Writing a book takes hours; perhaps a thousand or more including the research and editing. Needless to say it is a major commitment that authors expect will have a payoff of peer recognition, dissemination of ideas, and (gasp) maybe even a royalty payment. But how do authors know the marketplace wants their book?
The author’s life jacket: Surviving publishing mergers and acquisitions
For many veteran authors and publishing industry professionals, like TAA members Karen Morris and Steve Gillen, mergers and acquisitions are not new occurrences in academic publishing. However, in light of recent announcements, including the pending merger of industry-leaders Cengage and McGraw-Hill, many authors are concerned about their own survival options.
In their 2019 Textbook & Academic Authoring Conference presentation, “Mergers and Acquisitions Among Publishers: Authors Need a Life Jacket”, Morris shared her experience as a survivor of mergers throughout her career and Gillen offered perspective on what a merger may mean to the individual author, what they can do to protect themselves, and what to do after the deal is announced.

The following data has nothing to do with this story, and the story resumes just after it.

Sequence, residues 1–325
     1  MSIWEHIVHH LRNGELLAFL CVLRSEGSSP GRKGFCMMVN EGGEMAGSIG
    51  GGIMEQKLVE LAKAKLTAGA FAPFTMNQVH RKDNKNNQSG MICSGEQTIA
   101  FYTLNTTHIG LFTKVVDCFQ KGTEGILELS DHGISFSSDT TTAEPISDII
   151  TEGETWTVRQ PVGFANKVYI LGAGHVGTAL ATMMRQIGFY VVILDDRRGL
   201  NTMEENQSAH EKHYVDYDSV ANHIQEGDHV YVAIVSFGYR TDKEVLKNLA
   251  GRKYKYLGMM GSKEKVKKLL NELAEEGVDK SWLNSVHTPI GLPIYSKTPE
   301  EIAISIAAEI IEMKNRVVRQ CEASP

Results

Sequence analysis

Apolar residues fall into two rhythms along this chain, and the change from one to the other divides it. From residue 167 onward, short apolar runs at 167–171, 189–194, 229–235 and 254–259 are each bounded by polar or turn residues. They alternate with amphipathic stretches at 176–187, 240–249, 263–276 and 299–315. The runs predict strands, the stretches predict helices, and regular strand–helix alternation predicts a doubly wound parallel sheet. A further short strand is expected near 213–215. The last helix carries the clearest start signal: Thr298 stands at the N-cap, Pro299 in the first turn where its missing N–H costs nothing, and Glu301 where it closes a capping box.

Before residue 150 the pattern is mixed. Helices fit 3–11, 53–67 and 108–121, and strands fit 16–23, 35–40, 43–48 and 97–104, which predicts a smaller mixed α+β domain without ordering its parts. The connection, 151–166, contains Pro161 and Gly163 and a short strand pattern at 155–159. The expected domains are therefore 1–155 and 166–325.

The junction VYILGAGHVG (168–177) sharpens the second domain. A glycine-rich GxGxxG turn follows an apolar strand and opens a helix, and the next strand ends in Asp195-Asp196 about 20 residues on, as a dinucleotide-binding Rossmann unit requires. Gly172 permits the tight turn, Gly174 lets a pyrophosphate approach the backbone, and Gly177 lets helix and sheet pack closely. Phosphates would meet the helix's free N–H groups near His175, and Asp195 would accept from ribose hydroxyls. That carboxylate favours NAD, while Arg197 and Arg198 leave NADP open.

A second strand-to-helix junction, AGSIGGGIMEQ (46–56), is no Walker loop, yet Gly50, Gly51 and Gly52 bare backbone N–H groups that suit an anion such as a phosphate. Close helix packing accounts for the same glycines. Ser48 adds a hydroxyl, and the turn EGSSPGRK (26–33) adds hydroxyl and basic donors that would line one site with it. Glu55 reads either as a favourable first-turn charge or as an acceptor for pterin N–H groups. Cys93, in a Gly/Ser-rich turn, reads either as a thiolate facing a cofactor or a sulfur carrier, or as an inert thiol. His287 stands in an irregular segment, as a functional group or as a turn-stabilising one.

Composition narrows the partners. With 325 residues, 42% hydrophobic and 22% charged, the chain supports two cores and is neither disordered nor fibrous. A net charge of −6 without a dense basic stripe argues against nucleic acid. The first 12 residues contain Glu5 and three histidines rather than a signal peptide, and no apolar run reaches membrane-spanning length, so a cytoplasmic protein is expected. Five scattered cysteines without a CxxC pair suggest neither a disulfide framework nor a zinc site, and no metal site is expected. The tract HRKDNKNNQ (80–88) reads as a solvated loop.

The anatomy of a textbook contract
During her 2018 Textbook & Academic Authoring Conference presentation, “The Anatomy of a Textbook Contract”, intellectual property attorney Brenda Ulrich walked participants through a standard textbook publishing contract clause by clause to dissect and explain what the language means, what is significant, what to look for, what is worth trying to change and what is not.
Below are key points from the presentation covering the first four contract elements: grant or transfer of rights, manuscript preparation and delivery, acceptability of manuscript/acceptance, and failure to deliver.
The most useful textbook & academic posts of the week: April 27, 2018
According to Bangambiki Habyarimana, “Writing a book is burning your brain to enlighten another man’s mind.” Our collection of articles from around the web this week begins with thoughts on writing book chapters, publishing expectations on the tenure track, and advice on growing a platform to land a book deal. We then explore the existence of bad writing advice and the consequences of bad research practices. Finally, we explore the ongoing impact of ed tech, the potential affect of automation in research, a new digital homework platform from FlatWorld, and a three-pronged approach to fighting digital piracy.
As you enter this new week of writing, approach your practice with integrity and innovation that serves to enlighten the minds of your readers.